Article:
Elizabeth Warren has a new memoir out that is driving some interesting discussion this weekend. Unfortunately, some in the pundit world are using it to draw false conclusions in support of positions that mischaracterize both the Democratic base and the general electorate. Those misconceptions need correction.
In Persist, Warren mostly focuses on the policy themes that undergirded her campaign: the need for Big Structural Change to the foundations of modern capitalism, and a rethinking of the social contract to demand equity for marginalized groups. Reception to the book has been mostly positive, and there can be little question that the structural problems Warren highlights–and the solutions she advocates–will remain important for serious thinkers on the left and center-left for foreseeable near-term future.
Predictably, though, much of the reaction to her book has focused less on the policy steak than the campaign sizzle. It’s understandable: political obsessives want to hear from Warren herself why she believes her campaign faltered in her own words.
As far as that goes, Warren’s main answer is that sexism derailed her campaign’s initial success. Some on both the left and the right have taken objection. Many Bernie Sanders partisans, of course, still feel anger at Warren, believing that her stances were not far enough to the left, and that without Warren in the race Sanders could have consolidated the left vote enough to beat Biden. Those to Warren’s right–or those with an ax to grind against left activists in general–view her defeat with some satisfaction as a lesson that campaigns to the left of the more centrist Biden-Klobuchar-Buttigieg axis are doomed to fail.
The leftist critique is simple to dismiss. Biden wound up handily beating Sanders by more than the combined support from Warren and Sanders would have gotten. More importantly, Warren voters’ second choice were about evenly split between Sanders and the more centrist candidates–had she not been in the race, the result would have been a wash between Sanders and the faction that ultimately consolidated behind Biden. It is absolutely true that (largely unfair) leftist critiques of Warren’s stance on Medicare for All did eat into her support somewhat, pushing her to third place behind Sanders. But it doesn’t explain the bigger question of why her more moderate supporters switched to Biden, whose healthcare position was well to the right of both of them.
The more centrist take on Warren’s defeat is that she lost by trying to shift too far left in an effort to please the activist base. This position is stated most prominently by Jonathan Chait at New York Magazine, who dismisses the sexism claim to argue that Warren’s campaign got sucked into a leftist bubble from which it could not escape. Per Chait:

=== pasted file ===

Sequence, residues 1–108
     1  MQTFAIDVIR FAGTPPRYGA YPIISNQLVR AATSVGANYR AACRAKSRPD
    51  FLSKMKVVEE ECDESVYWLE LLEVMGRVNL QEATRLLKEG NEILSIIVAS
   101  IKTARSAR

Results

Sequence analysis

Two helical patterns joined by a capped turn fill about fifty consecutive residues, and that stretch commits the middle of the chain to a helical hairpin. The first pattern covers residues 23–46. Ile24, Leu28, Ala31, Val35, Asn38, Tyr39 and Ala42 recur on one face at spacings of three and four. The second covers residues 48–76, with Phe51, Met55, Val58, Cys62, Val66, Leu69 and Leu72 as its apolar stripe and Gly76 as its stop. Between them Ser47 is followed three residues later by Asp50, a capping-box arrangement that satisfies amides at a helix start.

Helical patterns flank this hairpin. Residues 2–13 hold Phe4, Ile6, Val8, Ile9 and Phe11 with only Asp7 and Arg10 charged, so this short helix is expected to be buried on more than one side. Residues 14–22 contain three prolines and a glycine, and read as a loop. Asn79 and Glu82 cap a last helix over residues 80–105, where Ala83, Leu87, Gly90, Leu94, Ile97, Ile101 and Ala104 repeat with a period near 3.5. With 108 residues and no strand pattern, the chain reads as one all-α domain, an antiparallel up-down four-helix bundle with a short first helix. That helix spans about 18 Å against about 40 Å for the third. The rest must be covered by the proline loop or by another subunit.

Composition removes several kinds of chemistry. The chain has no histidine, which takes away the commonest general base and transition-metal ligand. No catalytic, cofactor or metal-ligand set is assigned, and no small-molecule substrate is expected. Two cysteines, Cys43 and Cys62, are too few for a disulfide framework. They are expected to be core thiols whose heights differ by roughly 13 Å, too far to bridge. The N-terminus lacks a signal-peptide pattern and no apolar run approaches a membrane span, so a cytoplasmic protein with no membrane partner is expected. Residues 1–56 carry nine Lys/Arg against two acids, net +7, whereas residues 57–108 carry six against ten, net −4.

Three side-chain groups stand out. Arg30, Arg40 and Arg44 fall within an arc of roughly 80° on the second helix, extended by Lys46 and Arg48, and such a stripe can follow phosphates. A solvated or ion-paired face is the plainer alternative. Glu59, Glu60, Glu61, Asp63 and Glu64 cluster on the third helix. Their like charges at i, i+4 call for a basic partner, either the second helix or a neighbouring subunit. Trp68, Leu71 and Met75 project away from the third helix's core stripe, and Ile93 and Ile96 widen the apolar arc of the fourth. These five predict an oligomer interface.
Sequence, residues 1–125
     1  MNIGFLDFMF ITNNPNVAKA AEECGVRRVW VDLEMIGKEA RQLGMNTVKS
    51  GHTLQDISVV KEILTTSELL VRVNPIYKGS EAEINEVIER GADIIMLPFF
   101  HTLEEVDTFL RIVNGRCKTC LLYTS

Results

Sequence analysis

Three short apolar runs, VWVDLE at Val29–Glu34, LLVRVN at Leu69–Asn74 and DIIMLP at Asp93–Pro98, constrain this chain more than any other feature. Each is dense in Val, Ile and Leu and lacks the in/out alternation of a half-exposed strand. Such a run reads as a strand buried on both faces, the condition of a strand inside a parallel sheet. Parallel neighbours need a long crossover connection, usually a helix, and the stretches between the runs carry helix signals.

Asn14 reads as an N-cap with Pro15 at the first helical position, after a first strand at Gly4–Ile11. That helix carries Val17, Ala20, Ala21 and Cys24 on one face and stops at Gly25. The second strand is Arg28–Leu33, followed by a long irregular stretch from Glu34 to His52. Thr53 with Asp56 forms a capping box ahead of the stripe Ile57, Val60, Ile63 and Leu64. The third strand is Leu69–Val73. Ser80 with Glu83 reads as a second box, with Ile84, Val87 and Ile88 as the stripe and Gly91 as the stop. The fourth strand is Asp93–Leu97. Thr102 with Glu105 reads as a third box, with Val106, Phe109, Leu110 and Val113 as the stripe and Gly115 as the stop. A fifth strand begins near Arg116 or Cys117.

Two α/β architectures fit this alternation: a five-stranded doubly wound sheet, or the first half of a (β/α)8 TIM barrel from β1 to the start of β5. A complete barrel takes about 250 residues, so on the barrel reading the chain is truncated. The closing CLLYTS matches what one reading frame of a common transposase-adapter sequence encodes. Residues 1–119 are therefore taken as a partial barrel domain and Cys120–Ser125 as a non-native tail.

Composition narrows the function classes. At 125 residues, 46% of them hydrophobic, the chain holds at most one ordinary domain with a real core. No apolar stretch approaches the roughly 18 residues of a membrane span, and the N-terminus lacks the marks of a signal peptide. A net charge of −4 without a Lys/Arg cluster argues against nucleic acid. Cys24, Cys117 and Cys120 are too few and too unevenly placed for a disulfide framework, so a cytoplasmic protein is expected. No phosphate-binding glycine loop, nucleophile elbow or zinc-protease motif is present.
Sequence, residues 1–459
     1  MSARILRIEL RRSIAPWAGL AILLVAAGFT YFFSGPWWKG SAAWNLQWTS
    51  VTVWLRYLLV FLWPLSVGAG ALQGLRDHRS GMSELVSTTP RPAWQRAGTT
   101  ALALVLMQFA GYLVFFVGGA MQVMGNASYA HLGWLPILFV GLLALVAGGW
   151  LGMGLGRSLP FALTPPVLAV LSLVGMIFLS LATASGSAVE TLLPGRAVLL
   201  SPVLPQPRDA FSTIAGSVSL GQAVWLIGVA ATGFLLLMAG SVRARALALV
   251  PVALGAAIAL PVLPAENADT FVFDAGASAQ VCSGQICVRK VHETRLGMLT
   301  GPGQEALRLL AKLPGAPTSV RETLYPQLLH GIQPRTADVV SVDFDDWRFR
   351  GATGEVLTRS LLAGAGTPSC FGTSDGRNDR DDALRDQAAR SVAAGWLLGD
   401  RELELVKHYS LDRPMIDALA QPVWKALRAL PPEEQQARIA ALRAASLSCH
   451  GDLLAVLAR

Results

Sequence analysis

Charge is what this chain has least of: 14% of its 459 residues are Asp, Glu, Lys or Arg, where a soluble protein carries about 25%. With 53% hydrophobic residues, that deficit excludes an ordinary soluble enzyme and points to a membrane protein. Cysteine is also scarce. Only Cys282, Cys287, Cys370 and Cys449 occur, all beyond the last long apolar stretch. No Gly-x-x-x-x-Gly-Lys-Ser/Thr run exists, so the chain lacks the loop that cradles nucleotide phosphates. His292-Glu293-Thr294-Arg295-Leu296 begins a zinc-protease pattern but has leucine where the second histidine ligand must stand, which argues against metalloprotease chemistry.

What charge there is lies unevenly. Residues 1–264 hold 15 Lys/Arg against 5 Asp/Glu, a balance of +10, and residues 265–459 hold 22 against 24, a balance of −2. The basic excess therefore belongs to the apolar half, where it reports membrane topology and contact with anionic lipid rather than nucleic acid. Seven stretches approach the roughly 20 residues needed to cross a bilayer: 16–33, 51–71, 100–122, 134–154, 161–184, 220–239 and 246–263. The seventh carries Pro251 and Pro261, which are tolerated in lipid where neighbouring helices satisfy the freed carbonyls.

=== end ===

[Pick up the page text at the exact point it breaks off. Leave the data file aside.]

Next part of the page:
But sexism alone has a hard time explaining why Warren took the lead in national polls of primary voters before collapsing in the fall of 2019. Surely, the reason many of the voters who were prepared to nominate her changed their mind is not that they learned her gender.
Warren’s account ignores the possibility that her campaign simply misjudged the electorate, both within the party and outside it. As a result, she positioned herself too far left, which not only cost her support among Democrats, but created well-founded concerns — even among Democrats who liked her ideas — about her ability to beat Trump. (I was one of those voters. My initial enthusiasm for her candidacy gave way to dismay at her apparent lack of political savvy.) Perhaps she would have lost no matter what she did, but her strategic choices seem to have hurt her chances in ways she does not acknowledge.
But there isn’t actually evidence for this. Chait tries to argue that because Warren tried to address her leftist critics even as Democratic primary voters were consolidating behind Biden, it must be that voters got nervous that she was too far to the left. That’s not what happened, though.
Throughout the campaign, Democratic primary voters were very clear about their priorities: they wanted someone “electable” who could beat Trump. Again and again, electability topped every other concern. Primary voters might have had opinions about policy, identity and leadership style, but what they wanted more than anything else was to drive Donald Trump out of office–whatever it took.